Election Special 11: Independence elephant in the coalition room

Syd Morgan and Alan Sandry speculate on the political implications of a Rainbow coalition

As tomorrow’s election inexorably approaches media speculation is mounting about the prospects for a ‘rainbow coalition’ comprising Plaid Cymru, the Conservatives, and the Liberal Democrats. This scenario could arise should Labour fail to secure a majority in the Assembly.

Whilst it would be tempting for Plaid Cymru to accept a ‘rainbow’ package, in order to stay in ministerial power and to advance its claim to be an established party of government, difficulties would inevitably occur should they wish to jump from their current cohabitation with Labour. Though all three protagonists could, and all certainly would, claim to be acting ‘at all times, in the interests of Wales and the Welsh people’, there would nevertheless be topics and themes around which the triumvirate would encounter problems. Some of these are areas in which Labour and Plaid Cymru have, over the past four years, reached an accord.

The Welsh General Election

This is the eleventh in a series of articles we are publishing in the run-up to tomorrow’s National Assembly election. Later today Geraint Talfan Davies discovers a convergence of cultural policy amongst the parties.

Of primary concern to any ‘rainbow coalition’ would be the question of political philosophy. While the managerial role of governance is fluidic, and moderately non-political, the ideological commitments and attachments of the aforementioned political parties are assumed to be axiomatic. To take the two ‘rainbow’ parties which represent the most conspicuous of varying approaches, Plaid Cymru is a left-of-centre political movement whilst the Tories are rooted in right-of-centre political positioning. It is this fundamental difference that causes anxiety amongst those within Plaid Cymru’s ranks who feel unsettled by talk of a coalition link with the Conservatives.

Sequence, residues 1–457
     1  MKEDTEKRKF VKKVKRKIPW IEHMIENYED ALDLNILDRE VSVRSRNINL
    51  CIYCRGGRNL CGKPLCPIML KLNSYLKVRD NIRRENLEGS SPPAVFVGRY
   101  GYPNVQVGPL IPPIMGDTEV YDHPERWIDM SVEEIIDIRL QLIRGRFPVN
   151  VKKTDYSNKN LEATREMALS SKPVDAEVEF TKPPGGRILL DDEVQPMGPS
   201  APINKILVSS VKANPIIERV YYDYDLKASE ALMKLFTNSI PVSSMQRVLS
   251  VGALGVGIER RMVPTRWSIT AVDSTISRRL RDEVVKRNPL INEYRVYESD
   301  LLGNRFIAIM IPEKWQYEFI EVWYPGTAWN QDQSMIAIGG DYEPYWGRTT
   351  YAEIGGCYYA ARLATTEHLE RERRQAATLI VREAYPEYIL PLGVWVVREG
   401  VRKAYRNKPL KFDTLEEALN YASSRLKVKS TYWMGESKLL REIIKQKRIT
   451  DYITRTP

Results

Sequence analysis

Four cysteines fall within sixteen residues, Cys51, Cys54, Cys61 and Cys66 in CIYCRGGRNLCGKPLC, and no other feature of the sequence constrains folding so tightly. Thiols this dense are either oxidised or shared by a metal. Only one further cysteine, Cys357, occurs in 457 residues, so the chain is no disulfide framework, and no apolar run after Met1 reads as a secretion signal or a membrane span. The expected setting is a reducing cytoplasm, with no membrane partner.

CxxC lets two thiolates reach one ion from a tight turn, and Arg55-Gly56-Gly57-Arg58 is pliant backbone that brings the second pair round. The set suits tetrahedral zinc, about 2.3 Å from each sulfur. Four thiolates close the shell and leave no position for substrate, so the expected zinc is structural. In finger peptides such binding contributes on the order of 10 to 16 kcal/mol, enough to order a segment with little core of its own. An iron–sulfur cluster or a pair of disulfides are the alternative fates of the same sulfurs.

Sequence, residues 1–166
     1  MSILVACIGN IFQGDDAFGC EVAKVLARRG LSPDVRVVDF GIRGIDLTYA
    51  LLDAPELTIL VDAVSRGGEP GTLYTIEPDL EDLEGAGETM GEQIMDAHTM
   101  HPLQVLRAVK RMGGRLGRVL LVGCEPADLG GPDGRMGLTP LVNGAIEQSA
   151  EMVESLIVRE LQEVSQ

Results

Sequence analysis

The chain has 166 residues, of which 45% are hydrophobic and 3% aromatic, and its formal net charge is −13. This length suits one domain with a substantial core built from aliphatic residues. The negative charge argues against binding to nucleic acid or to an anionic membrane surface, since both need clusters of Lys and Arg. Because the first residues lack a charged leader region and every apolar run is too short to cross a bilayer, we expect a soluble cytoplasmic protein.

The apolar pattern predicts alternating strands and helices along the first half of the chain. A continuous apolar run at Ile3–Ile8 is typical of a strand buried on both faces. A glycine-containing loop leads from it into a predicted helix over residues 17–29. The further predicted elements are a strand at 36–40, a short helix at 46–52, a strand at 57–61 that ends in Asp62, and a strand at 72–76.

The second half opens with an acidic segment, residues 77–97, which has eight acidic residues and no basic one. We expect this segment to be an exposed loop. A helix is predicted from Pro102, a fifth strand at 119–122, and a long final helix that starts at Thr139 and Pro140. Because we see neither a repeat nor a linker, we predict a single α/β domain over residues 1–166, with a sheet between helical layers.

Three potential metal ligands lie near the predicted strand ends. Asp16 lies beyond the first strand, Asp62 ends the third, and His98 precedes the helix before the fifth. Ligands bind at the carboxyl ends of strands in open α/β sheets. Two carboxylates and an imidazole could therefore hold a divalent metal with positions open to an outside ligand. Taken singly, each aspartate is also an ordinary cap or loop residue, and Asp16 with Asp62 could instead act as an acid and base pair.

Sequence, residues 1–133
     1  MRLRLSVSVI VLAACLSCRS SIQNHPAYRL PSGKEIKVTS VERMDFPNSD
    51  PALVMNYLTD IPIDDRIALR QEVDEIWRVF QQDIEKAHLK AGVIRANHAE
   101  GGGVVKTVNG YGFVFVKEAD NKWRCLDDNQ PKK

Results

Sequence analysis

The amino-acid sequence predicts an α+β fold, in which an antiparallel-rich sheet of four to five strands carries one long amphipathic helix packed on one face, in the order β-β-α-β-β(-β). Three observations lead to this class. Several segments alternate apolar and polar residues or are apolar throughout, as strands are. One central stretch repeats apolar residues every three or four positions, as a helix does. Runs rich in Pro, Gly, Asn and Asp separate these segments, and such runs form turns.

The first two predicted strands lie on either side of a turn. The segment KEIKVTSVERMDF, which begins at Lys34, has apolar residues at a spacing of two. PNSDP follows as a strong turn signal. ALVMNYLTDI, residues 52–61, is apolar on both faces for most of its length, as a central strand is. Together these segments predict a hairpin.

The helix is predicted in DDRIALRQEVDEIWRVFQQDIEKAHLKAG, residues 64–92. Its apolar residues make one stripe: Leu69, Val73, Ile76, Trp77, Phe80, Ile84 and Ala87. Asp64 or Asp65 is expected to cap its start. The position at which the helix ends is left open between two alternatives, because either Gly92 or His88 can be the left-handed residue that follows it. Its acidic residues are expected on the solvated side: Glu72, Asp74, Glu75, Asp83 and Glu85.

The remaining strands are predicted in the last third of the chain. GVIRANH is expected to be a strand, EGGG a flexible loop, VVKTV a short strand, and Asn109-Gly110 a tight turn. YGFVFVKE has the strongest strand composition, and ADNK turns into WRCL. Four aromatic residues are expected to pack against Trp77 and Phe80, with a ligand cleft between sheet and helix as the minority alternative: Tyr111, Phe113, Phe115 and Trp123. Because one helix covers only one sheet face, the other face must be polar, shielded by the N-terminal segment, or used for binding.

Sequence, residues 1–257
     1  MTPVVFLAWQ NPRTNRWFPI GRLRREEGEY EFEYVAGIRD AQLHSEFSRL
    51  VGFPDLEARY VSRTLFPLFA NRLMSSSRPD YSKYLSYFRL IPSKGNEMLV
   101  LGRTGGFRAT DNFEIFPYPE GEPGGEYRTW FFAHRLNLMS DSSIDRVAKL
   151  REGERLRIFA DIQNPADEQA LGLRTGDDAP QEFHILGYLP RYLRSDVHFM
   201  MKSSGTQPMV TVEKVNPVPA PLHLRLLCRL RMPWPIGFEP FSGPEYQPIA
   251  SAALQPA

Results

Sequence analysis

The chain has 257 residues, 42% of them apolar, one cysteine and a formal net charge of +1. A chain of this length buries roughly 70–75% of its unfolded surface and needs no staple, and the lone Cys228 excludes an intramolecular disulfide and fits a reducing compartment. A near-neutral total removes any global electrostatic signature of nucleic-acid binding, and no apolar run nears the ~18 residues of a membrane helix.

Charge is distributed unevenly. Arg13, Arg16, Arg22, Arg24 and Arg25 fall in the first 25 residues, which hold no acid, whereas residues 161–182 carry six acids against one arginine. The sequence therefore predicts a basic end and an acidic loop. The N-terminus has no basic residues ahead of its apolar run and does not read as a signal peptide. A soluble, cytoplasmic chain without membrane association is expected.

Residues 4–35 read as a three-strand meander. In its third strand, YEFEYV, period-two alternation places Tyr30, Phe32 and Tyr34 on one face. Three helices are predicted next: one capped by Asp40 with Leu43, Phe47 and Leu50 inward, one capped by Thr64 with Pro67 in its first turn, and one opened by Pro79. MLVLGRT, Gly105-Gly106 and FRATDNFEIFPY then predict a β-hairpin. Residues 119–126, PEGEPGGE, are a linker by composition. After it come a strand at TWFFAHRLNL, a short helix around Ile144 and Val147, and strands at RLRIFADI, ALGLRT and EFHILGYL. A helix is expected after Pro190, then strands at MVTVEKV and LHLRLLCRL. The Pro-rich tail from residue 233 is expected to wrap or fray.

Whatever the realities of day-to-day working in the Bay, and the evolving consensus that is emerging within the Welsh political establishment – which appears to be aping the lobbyist tendencies of Westminster politicking – the reality remains that Plaid Cymru’s grassroots opinion is still formed by anti-imperialist and anti-Unionist campaigns. These range from the struggles over Tryweryn, the preservation of the Welsh language, the ‘colonial’ exploitation of our natural resources, to the threats to communities from unfettered market forces. At first glance, many of these may appear to be a ‘politics of memory’. Yet for many Plaid supporters, battling in 2011 against school closures, the cultural and linguistic threats to community, and the current (imposed) fashion for recognising a one-size-fits-all ‘Britishness’, they are real, and not imagined or historical, bones of contention.

If a ‘rainbow coalition’ is formed, and Plaid Cymru accepts the Tory silver, in the shape of promises of a bilingual future, more constitutional change within the UK, and Ieuan Wyn Jones’ enthronement as First Minister, then a new era will inevitably open up in Welsh politics. While some will heartily welcome the start of a new non-Labour centred epoch, people will have to rapidly assess what this could mean in practice.

First off, and this will provide the ammunition for generations of Labour activists, especially in the trades unions, Plaid Cymru will be vilified as being little more than ‘Tory puppets’, ‘Nick’s nationalists’, ‘Cameron’s Cymry’ and so on. Plaid Cymru’s stance may be that “sticks and stones may break my bones but words will never hurt me”, but the electorate’s identification of Plaid Cymru with the Conservatives, and to a lesser extent the Liberal Democrats, may prove to be less forgiving. In today’s multi-media environment, political perception can be as important as good governance. Whilst Nick Bourne’s astute leadership has undoubtedly transformed the image of the Conservatives in Wales, and lessened the identification with the more unnerving elements of ‘Little Englander’ Conservatism, there remains a high degree of suspicion by many within Plaid Cymru and outside, with regard to the aims and intentions of the Party.